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Syrian government submits plan for truce, prisoner swap

SyriaNational GovernmentPoliticsUnrest, Conflicts and WarBashar AssadMoscow (Russia)Armed Conflicts

BEIRUT -- The Syrian government Friday said it had presented plans to its Russian allies for a cease-fire in the northern city of Aleppo and an exchange of prisoners with the opposition in advance of peace talks next week in Switzerland.

The announcement in Moscow by Walid Moallem, the Syrian foreign minister, appeared to be a significant development in advance of possibly landmark peace talks slated to begin Wednesday in the Swiss city of Montreux.

The proposals would also seem to put the government of President Bashar Assad, whom the opposition has been fighting to topple, at the center of the cease-fire plan.

U.S. Secretary of State John F. Kerry and his Russian counterpart, Sergei Lavrov, this week called on both sides in the protracted conflict to work toward a limited cease-fire, a prisoner exchange and improved access for humanitarian aid in advance of next week's meeting.

On Friday, the Syrian government also said it was willing to step up efforts to bolster the delivery of humanitarian assistance, but blamed rebels for opening fire earlier this week on an aid convoy destined for needy civilians trapped in the besieged southern Damascus district of Yarmouk.

The Syrian government’s new proposal, in coordination with its Russian ally, would seem to be an effort by Damascus and its international supporters to take the initiative in the run-up to next week’s long-anticipated talks, strongly endorsed  by Washington and Moscow. The Switzerland session would be the first time that Syrian government officials have met with representatives of the exile-based opposition coalition supported by the United States and its allies.

The Syrian offer, made at a joint news conference in Moscow by the foreign ministers of Syria and Russia, would seem to put the onus on the U.S.-backed opposition to respond. But the opposition is deeply fragmented and divided about how to proceed at what appears to be a critical juncture in the conflict.

The main, U.S.-backed opposition umbrella group, the Syrian National Coalition, was meeting in Istanbul on Friday and was  expected to decide whether it will attend the peace talks. U.S. officials have strongly urged the group to take part. On Thursday,  Kerry called an impromptu news conference in Washington intended in part to persuade the coalition to send representatives to the Switzerland talks.

But the prospect of face-to-face negotiations with the Syrian administration has put the exile-based political opposition in a deep quandary. Many rebel commanders on the ground in Syria have denounced the talks as a sellout to Assad's government. The exile-based opposition, already assailed by many rebel forces on the ground as ineffective, faces additional criticism from rebel groups if it goes to Geneva.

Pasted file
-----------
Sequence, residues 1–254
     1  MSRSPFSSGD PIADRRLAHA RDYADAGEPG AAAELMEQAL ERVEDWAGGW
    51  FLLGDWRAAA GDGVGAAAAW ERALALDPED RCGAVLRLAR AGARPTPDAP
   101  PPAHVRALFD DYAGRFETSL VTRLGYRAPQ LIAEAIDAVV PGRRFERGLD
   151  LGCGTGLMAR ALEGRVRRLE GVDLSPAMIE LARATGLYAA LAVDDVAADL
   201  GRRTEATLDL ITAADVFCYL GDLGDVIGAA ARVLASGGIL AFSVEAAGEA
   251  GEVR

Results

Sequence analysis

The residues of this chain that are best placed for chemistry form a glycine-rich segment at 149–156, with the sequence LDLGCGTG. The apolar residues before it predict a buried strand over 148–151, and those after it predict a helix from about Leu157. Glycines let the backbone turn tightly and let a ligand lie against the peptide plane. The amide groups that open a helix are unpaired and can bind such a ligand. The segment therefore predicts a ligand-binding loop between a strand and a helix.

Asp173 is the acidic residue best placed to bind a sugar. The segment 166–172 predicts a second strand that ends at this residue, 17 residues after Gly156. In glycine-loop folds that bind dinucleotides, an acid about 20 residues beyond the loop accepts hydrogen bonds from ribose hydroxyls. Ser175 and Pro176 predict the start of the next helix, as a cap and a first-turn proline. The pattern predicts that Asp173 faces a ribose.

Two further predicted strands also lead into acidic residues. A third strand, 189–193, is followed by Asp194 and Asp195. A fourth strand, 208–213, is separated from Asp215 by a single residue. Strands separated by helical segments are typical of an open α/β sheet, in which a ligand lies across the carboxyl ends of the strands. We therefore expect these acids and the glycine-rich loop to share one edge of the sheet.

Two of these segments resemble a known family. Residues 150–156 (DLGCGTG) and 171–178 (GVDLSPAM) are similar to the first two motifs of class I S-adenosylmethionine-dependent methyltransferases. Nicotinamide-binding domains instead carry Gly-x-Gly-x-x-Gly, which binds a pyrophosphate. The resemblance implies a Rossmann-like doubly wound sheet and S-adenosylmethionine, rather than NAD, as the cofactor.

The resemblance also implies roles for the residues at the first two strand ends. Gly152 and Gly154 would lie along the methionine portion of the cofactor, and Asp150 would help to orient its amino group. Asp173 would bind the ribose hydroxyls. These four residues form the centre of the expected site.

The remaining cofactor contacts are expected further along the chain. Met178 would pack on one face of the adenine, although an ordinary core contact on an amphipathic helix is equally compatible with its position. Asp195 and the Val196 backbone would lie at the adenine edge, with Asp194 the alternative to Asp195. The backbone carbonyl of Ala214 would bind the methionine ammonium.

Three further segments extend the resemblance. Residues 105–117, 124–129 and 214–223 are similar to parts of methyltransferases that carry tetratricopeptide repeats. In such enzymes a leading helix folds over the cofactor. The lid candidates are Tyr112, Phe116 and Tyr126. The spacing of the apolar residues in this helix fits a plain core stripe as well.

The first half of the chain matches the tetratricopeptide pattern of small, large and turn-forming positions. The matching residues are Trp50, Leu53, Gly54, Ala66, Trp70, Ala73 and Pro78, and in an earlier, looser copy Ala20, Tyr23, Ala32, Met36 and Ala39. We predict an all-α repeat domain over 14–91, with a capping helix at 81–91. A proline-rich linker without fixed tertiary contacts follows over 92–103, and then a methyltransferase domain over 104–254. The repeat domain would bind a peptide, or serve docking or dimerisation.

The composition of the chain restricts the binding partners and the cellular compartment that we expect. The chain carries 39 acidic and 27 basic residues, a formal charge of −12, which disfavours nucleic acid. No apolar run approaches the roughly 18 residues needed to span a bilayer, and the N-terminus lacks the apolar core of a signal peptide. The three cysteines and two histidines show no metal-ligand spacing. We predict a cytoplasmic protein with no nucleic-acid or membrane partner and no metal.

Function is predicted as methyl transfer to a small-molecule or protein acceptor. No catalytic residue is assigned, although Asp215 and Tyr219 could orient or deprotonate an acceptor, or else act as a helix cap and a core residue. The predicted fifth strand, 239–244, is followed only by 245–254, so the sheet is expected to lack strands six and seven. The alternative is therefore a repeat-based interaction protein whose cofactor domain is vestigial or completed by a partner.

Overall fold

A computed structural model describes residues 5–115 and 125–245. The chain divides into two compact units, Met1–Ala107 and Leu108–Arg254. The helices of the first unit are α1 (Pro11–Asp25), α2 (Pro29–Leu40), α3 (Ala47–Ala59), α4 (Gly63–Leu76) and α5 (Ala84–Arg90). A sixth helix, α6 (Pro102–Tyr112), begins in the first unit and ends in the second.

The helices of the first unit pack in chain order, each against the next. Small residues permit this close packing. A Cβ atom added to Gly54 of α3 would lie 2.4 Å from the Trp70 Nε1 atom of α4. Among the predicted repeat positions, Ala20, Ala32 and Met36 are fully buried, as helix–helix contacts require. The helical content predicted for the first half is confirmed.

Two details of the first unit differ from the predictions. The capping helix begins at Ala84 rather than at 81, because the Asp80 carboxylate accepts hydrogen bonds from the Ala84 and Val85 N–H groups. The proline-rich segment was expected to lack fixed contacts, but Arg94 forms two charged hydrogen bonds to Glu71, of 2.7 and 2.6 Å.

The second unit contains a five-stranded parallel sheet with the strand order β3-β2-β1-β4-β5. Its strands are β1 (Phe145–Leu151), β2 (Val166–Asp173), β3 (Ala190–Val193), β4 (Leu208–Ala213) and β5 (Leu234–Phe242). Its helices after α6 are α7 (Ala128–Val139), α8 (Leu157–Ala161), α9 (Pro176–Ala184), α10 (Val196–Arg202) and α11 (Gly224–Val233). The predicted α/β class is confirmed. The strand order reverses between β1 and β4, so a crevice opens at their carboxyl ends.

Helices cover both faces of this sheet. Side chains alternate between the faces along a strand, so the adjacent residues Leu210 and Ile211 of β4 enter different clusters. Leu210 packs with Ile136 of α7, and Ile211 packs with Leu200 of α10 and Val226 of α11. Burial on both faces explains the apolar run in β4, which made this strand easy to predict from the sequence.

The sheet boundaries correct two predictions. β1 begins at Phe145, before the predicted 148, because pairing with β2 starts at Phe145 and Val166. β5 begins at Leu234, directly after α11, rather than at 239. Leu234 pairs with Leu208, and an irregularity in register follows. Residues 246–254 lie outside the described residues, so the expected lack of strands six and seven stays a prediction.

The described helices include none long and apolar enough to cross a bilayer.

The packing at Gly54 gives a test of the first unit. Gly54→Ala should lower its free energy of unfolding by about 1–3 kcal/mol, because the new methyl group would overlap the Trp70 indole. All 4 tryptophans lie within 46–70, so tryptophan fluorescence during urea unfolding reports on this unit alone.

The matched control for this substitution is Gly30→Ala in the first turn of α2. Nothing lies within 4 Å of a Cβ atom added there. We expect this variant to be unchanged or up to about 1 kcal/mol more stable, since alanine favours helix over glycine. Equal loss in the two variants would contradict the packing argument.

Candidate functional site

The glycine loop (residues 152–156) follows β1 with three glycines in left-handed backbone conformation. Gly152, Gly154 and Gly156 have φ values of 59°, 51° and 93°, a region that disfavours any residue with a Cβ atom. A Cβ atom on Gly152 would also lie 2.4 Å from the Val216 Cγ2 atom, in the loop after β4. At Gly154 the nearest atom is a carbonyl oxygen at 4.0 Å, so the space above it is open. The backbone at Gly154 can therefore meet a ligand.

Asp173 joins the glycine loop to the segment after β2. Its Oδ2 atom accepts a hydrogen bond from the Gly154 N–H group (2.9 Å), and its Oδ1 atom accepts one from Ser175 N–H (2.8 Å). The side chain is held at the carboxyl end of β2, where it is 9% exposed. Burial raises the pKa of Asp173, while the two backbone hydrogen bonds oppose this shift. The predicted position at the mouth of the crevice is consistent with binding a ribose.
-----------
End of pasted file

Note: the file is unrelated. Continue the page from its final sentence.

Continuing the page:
The Syrian government says it will attend the talks. But Damascus has insisted that Assad will not agree to resign -- and may even consider running for reelection this year. The U.S.-backed opposition coalition has demanded that any peace talks lead to Assad’s removal from office. This fundamental dilemma about Assad’s future remains unresolved as the date for the scheduled talks nears.

Details about any possible cease-fire in Aleppo were not immediately available, but Moallem, the Syrian foreign minister, indicated that Moscow would play a role in coordinating the plan with the United States and other nations backing the opposition.

Previous efforts to impose cease-fires have failed during the almost three years of civil war in Syria, where more than 100,000 people have been killed in the fighting. The war has spread instability throughout the region, sent millions of refugees streaming across Syria’s borders and created a humanitarian catastrophe inside the strategically situated nation, which borders Israel, Iraq, Turkey, Lebanon and Jordan. Syria has also become a focus for Al Qaeda-linked terror factions.

The northern city of Aleppo, once Syria’s commercial hub, has been split between government and opposition forces for 18 months. In recent weeks, the city has also been the site of intense infighting between various rebel groups with different agendas for a future Syria. How a cease-fire would be achieved in the embattled city was not clear, but Moallem spoke in Moscow of a “zero hour” in which hostilities could cease, presumably before the talks in Switzerland are set to begin.

In addition, Moallem said Damascus was willing to exchange lists of detainees with the opposition for a possible prisoner swap. The Syrian opposition has demanded a release of all detainees.

There was no immediate response from the Syrian opposition to the latest government proposals.

Twitter: @mcdneville

patrick.mcdonnell@latimes.com

Copyright © 2014, Los Angeles Times
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SyriaNational GovernmentPoliticsUnrest, Conflicts and WarBashar AssadMoscow (Russia)Armed Conflicts
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